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distant from the Kara Su.

^ Parrot says the same thing, op. cit. p. 108.

* For a discussion of the name see Parrot, op. cit. p. no. Ritter {Erdkiinde, x.
508) also refers to Brosset {^Bulletin de F Acad, de Sc. dc St. Pt'tershoiirg, 1841, vol.
viii. p. 43), but is in error when he says that Brosset spells it Aghuri. He actually
spells it Acorhi, and throws doubt upon the popular derivation of the name. It would
appear that the old Armenian name for the place was Akuri or Agguri, and that later
Armenian writers turned the word into Ark-uri in order to extract the signification
which I have given in the text. I have adopted the spelling of the Russian official map,
which practically reproduces the old word. Dr. Belck has made the ingenious
suggestion that the Adduri of the Assyrian inscription of Shalmaneser II. (859-824
B.C.) — a name which is applied to the mountains whither Arame, king of Urardhu .or
Ararat, fled before the armies of the Assyrian monarch — may be represented by the
Armenian Akuri or Agguri {Verhaiidhtngen der Berliner Gesellschaft fiir Anfhropo/ogie,
1893, p. 71). That the ancient name of a district often survives in that of a town in
these countries is proved by the analogy of the town of Van, which bears the name of
the kingdom of which it was formerly the capital, the Biaina of the Vannic texts.

184 A7'inenia

1000 souls ;^ the houses numbered some two hundred, and were
built -of stone with the usual flat roofs. The settlement owed its
prosperity, and even its existence, to a stream which then, as
now, issued from the jaws of the chasm, fed by the melting ice
and snow. It was placed at the open exit from the gorge, where
the trough flattens out into the base. The church and the larger
portion of the village were on the right bank of the stream ; on
the left, opposite the church, stood a square-shaped fortress,
built of clay after the fashion of the country. A near eminence
was crowned by the walls of a spacious palace, which served as
a summer residence for the Persian sirdars of Erivan. It was
indeed a delightful resort during the heats of summer. A cool
draught descended from the snows of the summit region ; and
the little stream supported considerable vineyards and orchards,
so that the traveller, on approaching Akhury, could take refuge
from the glare of the plain in quite a little wood of apricot trees.
The church — said to have been called Araxzlvank (Arakelotz
Vank ?) — was reputed to have been built on the site of Noah's
altar. It dated from the eighth or ninth century ; and to such a
height had the ground about it risen since its foundation, that the
two side doors had become embedded in soil up to the crossbeams.
Just beyond this pleasant oasis you entered the chasm, and, after
proceeding for nearly two miles up its boulder-strewn hollow, you
reached the little monastery of St. Jacob, which stood on the
edge of a natural terrace a few hundred feet above the bottom of
the gulf, immediately overlooking the right bank of the stream.
The chasm had at this spot a depth of some 600 to 800 feet,^
and the elevation of the site of the monastery above sea-level
was 6394 feet.^ Parrot, who established his headquarters in this
lonely cloister, has handed down to us a charming illustration of
the place, and a pleasant description of the chapel, with its walled
enclosure and garden and orchard, the residence, at the time of
his visit, of a single monk. Like the church of Akhury, it
commemorated a religious event in the story of Ararat. A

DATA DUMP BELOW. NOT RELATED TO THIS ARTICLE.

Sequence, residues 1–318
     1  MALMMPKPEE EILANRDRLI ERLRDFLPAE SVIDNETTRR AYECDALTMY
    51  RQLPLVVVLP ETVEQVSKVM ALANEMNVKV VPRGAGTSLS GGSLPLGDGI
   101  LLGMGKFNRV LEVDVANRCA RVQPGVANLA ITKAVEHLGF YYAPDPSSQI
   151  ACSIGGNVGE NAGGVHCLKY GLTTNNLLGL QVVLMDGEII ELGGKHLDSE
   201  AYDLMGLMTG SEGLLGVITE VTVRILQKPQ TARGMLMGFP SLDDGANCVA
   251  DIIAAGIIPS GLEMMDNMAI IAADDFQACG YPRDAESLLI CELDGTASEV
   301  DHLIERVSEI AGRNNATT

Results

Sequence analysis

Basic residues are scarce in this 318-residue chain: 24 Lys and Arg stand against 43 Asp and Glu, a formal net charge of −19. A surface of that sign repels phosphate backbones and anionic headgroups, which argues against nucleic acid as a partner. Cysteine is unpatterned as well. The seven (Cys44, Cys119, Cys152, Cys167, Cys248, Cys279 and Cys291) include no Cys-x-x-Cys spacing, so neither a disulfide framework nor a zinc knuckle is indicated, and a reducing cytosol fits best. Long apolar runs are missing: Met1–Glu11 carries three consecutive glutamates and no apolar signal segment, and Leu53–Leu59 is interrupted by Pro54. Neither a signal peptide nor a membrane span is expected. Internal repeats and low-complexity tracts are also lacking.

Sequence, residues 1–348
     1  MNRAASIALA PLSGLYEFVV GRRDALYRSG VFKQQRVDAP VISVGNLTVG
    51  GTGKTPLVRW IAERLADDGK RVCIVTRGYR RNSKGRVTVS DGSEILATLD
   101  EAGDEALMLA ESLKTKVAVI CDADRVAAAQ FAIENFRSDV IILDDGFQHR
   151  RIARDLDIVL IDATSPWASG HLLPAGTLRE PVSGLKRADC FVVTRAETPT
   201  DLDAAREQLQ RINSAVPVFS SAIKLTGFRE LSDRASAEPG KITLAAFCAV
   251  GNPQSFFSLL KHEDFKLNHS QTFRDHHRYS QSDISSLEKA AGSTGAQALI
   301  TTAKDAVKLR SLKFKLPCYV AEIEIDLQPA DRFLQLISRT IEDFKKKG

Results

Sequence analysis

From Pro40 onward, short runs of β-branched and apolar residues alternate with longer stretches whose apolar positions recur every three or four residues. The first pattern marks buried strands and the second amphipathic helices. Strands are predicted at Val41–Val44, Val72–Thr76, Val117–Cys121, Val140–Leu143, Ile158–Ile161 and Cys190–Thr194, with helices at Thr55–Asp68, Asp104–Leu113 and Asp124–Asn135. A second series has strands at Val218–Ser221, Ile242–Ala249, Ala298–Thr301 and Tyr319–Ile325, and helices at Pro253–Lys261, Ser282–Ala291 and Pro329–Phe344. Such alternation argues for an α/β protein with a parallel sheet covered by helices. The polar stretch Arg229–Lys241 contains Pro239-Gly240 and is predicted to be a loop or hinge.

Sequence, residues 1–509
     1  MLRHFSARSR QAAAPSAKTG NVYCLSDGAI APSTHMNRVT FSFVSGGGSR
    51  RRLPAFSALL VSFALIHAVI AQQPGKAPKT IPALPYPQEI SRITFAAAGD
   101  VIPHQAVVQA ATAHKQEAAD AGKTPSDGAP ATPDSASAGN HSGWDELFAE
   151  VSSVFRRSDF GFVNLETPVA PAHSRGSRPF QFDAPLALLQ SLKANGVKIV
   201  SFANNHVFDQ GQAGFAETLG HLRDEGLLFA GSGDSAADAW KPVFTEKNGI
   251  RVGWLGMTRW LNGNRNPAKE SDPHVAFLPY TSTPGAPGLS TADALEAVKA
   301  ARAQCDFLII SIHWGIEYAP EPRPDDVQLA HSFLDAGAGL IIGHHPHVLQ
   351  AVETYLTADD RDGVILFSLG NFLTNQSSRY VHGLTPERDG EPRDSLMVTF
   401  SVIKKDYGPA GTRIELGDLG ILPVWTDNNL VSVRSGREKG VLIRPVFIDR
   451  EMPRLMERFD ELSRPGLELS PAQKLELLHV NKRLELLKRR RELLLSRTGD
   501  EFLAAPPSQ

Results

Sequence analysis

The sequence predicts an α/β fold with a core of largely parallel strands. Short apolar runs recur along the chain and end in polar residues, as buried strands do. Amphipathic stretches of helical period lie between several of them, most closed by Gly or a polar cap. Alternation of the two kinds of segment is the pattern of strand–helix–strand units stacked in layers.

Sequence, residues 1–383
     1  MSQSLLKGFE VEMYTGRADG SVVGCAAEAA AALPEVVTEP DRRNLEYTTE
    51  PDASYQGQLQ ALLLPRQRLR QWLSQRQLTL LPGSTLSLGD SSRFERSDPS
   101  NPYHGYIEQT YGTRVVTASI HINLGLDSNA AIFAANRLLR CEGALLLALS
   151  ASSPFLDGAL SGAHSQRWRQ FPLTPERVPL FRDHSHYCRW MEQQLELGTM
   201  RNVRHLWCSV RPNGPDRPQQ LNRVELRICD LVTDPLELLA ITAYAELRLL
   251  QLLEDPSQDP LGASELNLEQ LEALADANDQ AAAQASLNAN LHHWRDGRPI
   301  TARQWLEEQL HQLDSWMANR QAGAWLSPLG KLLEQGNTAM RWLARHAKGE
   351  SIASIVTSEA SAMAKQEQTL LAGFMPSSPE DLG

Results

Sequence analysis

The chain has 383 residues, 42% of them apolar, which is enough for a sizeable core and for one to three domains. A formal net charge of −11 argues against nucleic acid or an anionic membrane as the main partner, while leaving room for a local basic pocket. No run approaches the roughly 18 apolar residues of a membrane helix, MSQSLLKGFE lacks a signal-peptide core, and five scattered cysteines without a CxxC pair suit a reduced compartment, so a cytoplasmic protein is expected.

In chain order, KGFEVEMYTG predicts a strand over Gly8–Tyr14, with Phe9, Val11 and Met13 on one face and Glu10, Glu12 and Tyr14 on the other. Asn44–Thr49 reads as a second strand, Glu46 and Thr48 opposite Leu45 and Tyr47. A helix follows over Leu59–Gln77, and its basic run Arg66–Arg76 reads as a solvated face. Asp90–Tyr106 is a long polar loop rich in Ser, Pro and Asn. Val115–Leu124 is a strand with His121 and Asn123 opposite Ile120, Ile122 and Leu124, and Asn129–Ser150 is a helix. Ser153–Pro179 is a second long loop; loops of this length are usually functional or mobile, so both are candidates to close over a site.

monk of the name of Jacob, afterwards bishop of Nisibis, reputed
to have been a contemporary and relative of St. Gregory, was

1 Wagner [op. infra cit. p. 166) says that at the time of tlie catastrophe the
Armenian inhabitants numbered nearly 1600 souls, besides Kurdish labourers.

- Von Behagel {apiid Parrot, op. cit. 2nd part, p. I S3) says 1000 feet. I quote
Parrot p. 147.

•' Parrot, op. cit. p. 147. Von Behagel {loc. cit.) says that it was 325S Paris feet,
or 3472 English feet, above the plain of the Araxes.

The Heart of Ararat 185

seized with the desire to convince the sceptics of the truth of the
Biblical narrative, and to assure himself of the presence of the
Ark on the summit of Ararat by the evidence of his own eyes.
In the pursuit of this purpose he made several attempts to scale
the mountain from the north-east side. On each occasion he fell
asleep, exhausted by the effort ; as often as he awoke, he would
find that he had been miraculously transported to the point from
which he had set out. At length God looked with compassion
upon his fruitless labours, and sent an angel who appeared to him
in his sleep. The Divine message was to the effect that the
summit was unattainable by mortal man ; but the angel deposited
on his breast a fragment of the holy Ark, as a reward for his
faith and pains.^ Beyond St. Jacob's, on the same or eastern
side of the chasm and on the edge of the precipice, was situated
a tiny shrine, built of hewn stone, at an altitude of about 1000
feet above the monastery.' It stood by the side of one of the
rare springs which are found on Ararat — a well of which the
waters are still deemed to possess miraculous powers, and which
still attracts numerous pilgrims from the plains. As you followed
the gulf still further, the sides increased in steepness and the
abyss in depth, until, at a distance of about two and a half miles
from the cloister,'^ it ended in an almost perpendicular wall
of rock which towered up to the snowy cornice of the dome.
Tournefort, whose description is in other respects fantastic, has
used language to portray the aspect of the upper end of the chasm
which would be true at the present day. He speaks of the
terrible appearance of the ravine, one of those natural wonders
which testify to the greatness of the Saviour, as his Armenian
companion observed. He could not help trembling as he over-
looked the precipices, and he asks his readers, if they would form
some conception of the character of the phenomenon, to imagine
one of the loftiest mountains in the world opening its bosom to